verifying security used by a new SP

Cantor, Scott cantor.2 at
Thu Apr 18 15:58:23 EDT 2019

On 4/18/19, 3:33 PM, "users on behalf of Steven Carmody" <users-bounces at on behalf of steven_carmody at> wrote:

> What's the current recommended practice, when dealing with an SP that 
> you don't control or manage ? We'll be releasing a set of attributes to 
> this SP, and have the usual concerns in that situation.

I don't worry myself all that much about attributes because it's usually directory data or equally non-sensitive information I'm sending, and the terms of engagement are contracts that are way above my pay grade. Our default rules cover the non-contractual cases.

If I were to start judging any company's trustworthiness to care for our data based on their understanding of SAML, or pretty much anything in the vein of basic IT competence, I wouldn't be releasing much data.

But if you want a long answer...

These kinds of things are why I never, ever rely on any remote metadata sources directly from SPs, and why I'm careful with how I deal with their keys. If an SP botches a key rollover, I start working on avoiding their keys. I worry about the quality of their code and whether I have to pen test it for vulnerabilities like the truncation attacks and that kind of thing.

Signing requests (apart from logout, which most of them don't support anyway) makes it hard to avoid relying on their keys, and that has implications if they start changing keys annually and screwing that up. That's why it's a bad practice in general, it's a needless risk that offers no benefit. It's also a sign that they may be improperly failing to check things like an AuthnContext class they might be requesting (rare, but it happens) because they think signing the request somehow prevents manipulations of the IdP.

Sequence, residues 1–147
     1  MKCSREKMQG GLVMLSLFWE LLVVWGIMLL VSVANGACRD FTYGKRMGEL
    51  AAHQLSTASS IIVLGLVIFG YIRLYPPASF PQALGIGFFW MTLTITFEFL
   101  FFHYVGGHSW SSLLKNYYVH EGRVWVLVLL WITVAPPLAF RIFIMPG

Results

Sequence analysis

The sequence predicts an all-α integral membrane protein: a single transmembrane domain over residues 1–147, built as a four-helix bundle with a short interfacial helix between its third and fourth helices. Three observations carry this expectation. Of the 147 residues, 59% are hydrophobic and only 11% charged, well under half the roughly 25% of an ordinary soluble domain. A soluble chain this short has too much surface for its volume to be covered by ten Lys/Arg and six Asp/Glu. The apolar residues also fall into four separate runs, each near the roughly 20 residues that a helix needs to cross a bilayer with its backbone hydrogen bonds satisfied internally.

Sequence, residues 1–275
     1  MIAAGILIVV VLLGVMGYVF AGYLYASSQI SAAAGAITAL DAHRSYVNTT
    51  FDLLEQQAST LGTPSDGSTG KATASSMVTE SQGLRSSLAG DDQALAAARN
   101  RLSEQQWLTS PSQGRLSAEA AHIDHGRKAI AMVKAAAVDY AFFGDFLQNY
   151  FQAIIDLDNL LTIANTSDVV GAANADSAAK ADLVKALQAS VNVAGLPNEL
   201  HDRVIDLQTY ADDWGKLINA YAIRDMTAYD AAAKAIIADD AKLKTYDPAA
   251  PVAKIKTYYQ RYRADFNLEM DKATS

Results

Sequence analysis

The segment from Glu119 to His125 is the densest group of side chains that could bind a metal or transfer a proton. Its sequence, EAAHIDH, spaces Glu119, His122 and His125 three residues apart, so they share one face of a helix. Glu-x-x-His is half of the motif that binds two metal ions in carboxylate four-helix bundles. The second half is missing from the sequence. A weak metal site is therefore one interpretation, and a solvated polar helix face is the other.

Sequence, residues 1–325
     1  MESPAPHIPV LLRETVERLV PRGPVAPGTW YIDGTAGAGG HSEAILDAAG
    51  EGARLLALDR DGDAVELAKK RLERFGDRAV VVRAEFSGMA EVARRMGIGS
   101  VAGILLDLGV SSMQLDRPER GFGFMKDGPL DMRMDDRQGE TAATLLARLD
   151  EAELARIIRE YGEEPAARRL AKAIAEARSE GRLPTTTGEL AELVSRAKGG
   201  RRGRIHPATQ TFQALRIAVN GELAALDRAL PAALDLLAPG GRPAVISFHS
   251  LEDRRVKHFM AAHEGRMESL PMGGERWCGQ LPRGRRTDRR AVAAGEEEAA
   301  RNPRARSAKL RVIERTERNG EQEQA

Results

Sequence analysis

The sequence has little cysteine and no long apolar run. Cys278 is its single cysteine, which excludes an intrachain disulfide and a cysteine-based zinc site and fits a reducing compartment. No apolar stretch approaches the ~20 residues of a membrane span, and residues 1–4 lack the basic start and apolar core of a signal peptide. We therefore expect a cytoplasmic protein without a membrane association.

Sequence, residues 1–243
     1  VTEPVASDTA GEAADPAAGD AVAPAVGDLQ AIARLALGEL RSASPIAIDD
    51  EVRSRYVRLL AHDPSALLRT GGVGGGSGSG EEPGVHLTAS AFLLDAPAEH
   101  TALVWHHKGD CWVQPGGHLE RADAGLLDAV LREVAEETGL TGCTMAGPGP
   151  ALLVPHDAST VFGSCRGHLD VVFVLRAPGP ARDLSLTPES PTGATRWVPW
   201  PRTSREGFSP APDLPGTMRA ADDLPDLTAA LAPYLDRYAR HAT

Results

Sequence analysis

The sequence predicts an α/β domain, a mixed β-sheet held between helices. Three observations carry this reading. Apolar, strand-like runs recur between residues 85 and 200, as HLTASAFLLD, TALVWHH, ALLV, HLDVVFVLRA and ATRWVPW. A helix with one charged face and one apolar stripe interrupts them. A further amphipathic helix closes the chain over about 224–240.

I focus mostly on maintaining a clean configuration, avoiding exceptions, pushing back on all bugs and mistakes I see even though it costs me a lot of time and hassle doing that (not time in terms of knowing what to do but time waiting for their responses and then arguing about it). I will usually test any "special" requirement I'm handed because they're usually not true. For example, if you tell me I have to sign assertions, I will not assume that and I'll try it the normal way first, and then if I'm right I fix their metadata and move on. Same for NameID Formats, I have not one actual use of the "unspecified" format, so when I say you don't need it, I have proof that's mostly true.

People think I'm a cynic or negative or rude or whatever, but my practical experience is that most vendors aren't competent, and they prove me largely right on a weekly basis, so I guess what I'm saying is, I don't go by some sort of baseline because none of them meet it. I know they're terrible, and I document each case so I know what I'm dealing with, I save all my emails, and I make a note of any red flags so that I'm not blindsided later. But all of this is a matter of years of experience spotting the danger signs and knowing what they mean.

An example tip: any SP not using Shibboleth I will generally check their certificate if they have a key and see if it's commercial or short lived. That tells me they a) don't know what they're doing and b) are going to screw me by changing their key, which they don't know how to do properly. That's a simple check that generally provides useful information up front. If I know for a fact they're going to botch the system, I'll turn off encryption up front and avoid the problem later.

I assume "wrong" and let the few exceptions give me the occasional pleasant surprise, and that generally works out better than trying to start from a position of trust.

-- Scott

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